7. The Wrecking Crew (1968; director: Phil Karlson). You’ve seen a theater marquee and a poster for the 1968 spy comedy starring Dean Martin, Elke Sommer and Sharon Tate in the trailer for Once… and there’s already a glimpse of Sharon played by Margot Robbie attending a screening of it in the trailer. There’s a scene in the film where she has to fight, and Bruce Lee was the one training with her for it.
8. Hammerhead (1968; director: David Miller) is a British spy thriller starring Vince Edwards.
9. Gunman’s Walk (1958; director: Phil Karlson) is a western starring Van Heflin and Tab Hunter. Especially Hunter is an actor that like several other of his contemporaries, never made the big break after the 50s and stands as a model for the Rick Dalton character. In the podcast (see link below), Tarantino goes into some detail on Tab Hunter. The movie is available on a really good BluRay in Germany (Amazon.de, Amazon UK, Amazon.com)
10. Arizona Raiders (1965; director: William Witney) is a western starring Audie Murphy. Witney is a particular favorite of QT’s. It’s available on DVD.
“Sony Pictures made their Columbia Pictures catalog available to me so that I could select a series of films representative of the era in which Once Upon a Time in Hollywood is set, The Swinging Sixties. I’m thrilled to host these movies so we can enjoy them together.”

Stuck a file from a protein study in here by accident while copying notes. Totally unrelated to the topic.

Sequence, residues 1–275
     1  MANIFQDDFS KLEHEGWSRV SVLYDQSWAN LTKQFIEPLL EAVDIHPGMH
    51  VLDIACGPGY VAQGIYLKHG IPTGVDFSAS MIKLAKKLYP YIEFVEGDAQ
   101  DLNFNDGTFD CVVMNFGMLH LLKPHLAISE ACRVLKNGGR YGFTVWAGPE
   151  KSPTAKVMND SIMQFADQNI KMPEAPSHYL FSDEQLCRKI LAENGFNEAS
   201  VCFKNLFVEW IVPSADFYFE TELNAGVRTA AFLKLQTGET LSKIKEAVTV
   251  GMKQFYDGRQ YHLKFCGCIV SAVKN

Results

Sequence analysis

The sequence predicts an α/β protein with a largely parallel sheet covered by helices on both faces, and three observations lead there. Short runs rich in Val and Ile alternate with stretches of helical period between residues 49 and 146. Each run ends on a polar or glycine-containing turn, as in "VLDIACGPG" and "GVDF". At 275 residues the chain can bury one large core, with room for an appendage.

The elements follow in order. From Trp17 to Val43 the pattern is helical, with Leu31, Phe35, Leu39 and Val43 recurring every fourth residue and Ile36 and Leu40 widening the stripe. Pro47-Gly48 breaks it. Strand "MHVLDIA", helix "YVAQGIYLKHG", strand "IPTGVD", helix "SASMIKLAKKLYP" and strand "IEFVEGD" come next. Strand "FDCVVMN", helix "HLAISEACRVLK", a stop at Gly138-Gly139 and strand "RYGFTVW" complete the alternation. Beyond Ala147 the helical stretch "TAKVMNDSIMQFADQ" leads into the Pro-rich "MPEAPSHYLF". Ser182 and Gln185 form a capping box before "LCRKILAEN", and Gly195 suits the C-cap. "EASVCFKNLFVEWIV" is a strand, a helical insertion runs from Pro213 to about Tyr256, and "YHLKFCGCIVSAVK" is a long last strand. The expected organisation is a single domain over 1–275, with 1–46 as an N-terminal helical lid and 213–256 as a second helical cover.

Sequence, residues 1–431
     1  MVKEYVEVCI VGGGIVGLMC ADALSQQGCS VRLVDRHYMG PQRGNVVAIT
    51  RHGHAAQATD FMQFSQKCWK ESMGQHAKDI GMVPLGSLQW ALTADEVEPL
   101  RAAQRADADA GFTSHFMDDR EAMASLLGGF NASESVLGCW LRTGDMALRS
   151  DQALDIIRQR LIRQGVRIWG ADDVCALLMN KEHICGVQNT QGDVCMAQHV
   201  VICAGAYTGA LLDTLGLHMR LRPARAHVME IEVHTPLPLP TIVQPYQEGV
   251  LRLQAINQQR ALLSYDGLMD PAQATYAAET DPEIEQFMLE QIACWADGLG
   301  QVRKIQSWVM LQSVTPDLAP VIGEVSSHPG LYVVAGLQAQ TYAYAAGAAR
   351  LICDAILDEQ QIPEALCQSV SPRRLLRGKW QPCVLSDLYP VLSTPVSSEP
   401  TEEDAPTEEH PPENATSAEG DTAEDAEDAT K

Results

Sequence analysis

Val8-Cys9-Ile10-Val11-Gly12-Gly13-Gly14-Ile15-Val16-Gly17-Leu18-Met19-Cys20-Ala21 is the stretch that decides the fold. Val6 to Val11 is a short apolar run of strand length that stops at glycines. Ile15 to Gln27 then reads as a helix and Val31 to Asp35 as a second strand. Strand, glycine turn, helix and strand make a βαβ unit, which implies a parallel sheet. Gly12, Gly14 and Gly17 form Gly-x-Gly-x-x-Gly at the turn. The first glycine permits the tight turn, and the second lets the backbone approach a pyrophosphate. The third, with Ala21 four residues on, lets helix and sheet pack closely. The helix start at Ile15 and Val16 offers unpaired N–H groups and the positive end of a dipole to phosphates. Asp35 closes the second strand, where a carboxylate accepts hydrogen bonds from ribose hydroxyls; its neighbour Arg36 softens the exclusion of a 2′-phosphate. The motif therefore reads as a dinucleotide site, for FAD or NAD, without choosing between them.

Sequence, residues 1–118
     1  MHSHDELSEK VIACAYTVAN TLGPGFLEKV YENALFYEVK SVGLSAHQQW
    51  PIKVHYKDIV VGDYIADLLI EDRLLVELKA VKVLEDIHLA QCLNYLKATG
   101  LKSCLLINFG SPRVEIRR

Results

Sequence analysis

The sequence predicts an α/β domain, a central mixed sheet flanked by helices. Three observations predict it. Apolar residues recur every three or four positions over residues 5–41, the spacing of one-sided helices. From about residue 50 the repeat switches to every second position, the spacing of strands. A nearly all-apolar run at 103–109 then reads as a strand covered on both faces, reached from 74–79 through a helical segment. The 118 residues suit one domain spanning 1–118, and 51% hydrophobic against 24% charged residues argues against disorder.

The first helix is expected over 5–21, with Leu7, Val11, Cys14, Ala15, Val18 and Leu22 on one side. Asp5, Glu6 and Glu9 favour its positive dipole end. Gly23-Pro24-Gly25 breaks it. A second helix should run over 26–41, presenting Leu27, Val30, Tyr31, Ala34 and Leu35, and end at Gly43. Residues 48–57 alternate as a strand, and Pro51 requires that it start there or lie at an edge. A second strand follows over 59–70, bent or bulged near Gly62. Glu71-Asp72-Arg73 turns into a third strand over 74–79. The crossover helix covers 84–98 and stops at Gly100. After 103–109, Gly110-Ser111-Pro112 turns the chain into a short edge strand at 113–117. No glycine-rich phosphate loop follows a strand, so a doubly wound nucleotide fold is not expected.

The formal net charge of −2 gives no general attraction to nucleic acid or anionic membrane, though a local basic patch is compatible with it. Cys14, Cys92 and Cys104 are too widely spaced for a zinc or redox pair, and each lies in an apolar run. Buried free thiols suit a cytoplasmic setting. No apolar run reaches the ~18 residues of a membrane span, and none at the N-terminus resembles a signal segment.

Mike Hopkins, Sony Pictures Television Chairman, says:
“Quentin Tarantino’s Once Upon a Time in Hollywood promises to be a cinematic event. We’re excited to support it and bring these fantastic films from the studio’s historic library to SPT’s network audiences around the world.”
That’s why we love Quentin Tarantino. Taking his movies seriously and taking some time to dive deeper will eventually turn you into a knowledgeable cineast! Along with that notorious 3h Episode of the Pure Cinema Podcast, this already preps you rather well for the movie. In addition, check out our growing references guide for the film, read FC’s article on 1969 and the primer, and you’re set. There’s also a new Making-Of article that is really interesting.